That is the key question facing galleries that want to participate in art fairs in New York next year, as a breathtaking—some might say absurd—number of art fairs vie for the attention of collectors and art dealers.
Frieze New York Comes Out Swinging
After 10 years in London, the Frieze Art Fair announced earlier this year that it was planning to start a New York edition in May 2012 on Randall’s Island—the square-mile piece of land across the East River from Spanish Harlem, which was once the headquarters of Robert Moses.
Shortly before Thanksgiving, Frieze released a formidable exhibitor list, with about 170 names, including more than 30 top-flight galleries from New York, like 303, Gavin Brown’s Enterprise, David Zwirner, Friedrich Petzel, Metro Pictures and Green Naftali. High Line curator Cecilia Alemani has been hired to organize its projects and public programs.
Since some dealers had been grumbling about the fair’s ostensibly far-flung location, director Amanda Sharp and company must have been very persuasive. For one thing, they have emphasized that the island, which will be home to a “bespoke” tent designed by Brooklyn architecture firm SO-IL, is a mere 15-minute car ride from downtown Manhattan.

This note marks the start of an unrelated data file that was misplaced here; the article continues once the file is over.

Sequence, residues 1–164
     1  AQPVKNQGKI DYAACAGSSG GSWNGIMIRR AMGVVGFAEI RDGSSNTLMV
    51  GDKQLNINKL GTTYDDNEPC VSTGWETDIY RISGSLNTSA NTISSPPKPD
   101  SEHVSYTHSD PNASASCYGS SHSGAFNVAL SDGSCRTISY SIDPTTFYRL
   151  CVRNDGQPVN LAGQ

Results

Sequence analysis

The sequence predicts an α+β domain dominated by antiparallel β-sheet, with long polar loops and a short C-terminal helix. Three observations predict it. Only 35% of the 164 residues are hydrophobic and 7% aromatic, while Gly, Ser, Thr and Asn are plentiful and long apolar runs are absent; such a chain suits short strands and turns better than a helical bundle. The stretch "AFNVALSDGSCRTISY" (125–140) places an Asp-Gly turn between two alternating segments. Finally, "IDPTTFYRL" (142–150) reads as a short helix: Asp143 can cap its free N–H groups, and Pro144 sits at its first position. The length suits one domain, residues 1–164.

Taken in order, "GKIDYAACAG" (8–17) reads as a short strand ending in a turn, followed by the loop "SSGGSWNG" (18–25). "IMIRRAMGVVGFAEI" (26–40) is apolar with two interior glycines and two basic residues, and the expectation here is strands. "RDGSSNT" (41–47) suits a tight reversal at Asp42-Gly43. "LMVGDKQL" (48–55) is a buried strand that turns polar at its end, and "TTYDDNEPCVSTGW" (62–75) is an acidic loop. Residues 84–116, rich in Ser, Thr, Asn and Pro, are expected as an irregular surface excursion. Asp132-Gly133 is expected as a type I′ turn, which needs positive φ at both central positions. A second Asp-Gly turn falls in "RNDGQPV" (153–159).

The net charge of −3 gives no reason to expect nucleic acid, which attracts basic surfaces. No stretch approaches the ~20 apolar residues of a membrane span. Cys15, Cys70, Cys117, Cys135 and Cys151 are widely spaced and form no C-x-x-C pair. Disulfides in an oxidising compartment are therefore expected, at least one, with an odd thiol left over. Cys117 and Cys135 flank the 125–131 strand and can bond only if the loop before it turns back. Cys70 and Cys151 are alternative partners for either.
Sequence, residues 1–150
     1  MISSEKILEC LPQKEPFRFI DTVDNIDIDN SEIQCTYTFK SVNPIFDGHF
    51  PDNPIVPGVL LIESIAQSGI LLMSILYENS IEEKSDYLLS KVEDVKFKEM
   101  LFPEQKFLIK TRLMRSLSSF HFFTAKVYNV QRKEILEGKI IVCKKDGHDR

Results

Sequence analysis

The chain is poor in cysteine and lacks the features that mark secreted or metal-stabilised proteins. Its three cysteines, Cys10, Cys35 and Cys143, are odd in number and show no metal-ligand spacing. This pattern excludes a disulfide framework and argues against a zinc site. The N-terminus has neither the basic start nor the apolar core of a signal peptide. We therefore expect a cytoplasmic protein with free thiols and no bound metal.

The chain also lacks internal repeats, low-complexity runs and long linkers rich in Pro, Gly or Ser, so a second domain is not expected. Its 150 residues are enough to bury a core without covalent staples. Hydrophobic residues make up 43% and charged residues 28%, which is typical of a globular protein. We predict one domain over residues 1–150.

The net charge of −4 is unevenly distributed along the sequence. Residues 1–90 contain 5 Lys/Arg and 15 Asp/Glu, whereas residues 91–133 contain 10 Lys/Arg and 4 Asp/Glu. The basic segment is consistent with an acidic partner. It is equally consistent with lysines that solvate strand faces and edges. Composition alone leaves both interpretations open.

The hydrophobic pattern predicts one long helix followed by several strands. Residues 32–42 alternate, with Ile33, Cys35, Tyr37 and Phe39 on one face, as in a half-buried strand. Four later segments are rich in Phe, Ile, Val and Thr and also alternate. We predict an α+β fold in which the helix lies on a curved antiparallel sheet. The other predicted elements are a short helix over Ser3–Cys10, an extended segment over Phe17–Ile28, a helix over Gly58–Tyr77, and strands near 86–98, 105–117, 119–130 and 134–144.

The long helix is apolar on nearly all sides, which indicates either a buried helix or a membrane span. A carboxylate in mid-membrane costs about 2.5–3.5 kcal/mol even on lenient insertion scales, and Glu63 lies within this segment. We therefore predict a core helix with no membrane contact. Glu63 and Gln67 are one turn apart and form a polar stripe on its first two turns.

Armory Show Readies List, Hires Winkleman
The Armory Show—New York’s biggest contemporary art fair—is set to arrive in March, on Hudson River Piers 92 and 94. It has not yet released its list of galleries (it typically waits until January, though Lisson, Sean Kelly, Massimo de Carlo, Boesky and Victoria Miro are rumored to be on board), but it has already said it will trim last year’s total of 274 participants by about 50.
Many galleries that participated in last year’s Armory Show—among them Andrew Kreps, Marianne Boesky and Lehmann Maupin—have signed on for Frieze’s inaugural edition. How many dealers will be willing to do two New York fairs in as many months? That may depend on the prices they are offered for booths.
Meanwhile, the Armory has tapped Chelsea gallerist Edward Winkleman to curate a new section called Armory Films, which will bring a variety of filmic art to a media lounge at the fair. Mr. Winkleman has been a visible video booster for years, and last year launched a video-only art fair called Moving Image during the week of the Armory.
Is Mr. Winkleman worried about being co-opted by the larger fair? “Believe it or not,” he told us on the phone from Miami, “I think Armory and Moving Image are complementary. Last year, about half our galleries did another fair. Moving Image is an opportunity to show your video work at the same time as another fair. You do not have to darken your whole booth. You as the gallery can focus on doing the other fair.”
Satellite Fairs Galore
Which brings us to the messy topic of satellite fairs. Mr. Winkleman told us that the second edition of Moving Image will take place in March during the Armory, and that he expects at least 30 galleries will participate. Why not hold it during Frieze, we asked? “We did the geographical math, and if you are going to Randall’s Island then trying to see Moving Image, it may not happen,” he said.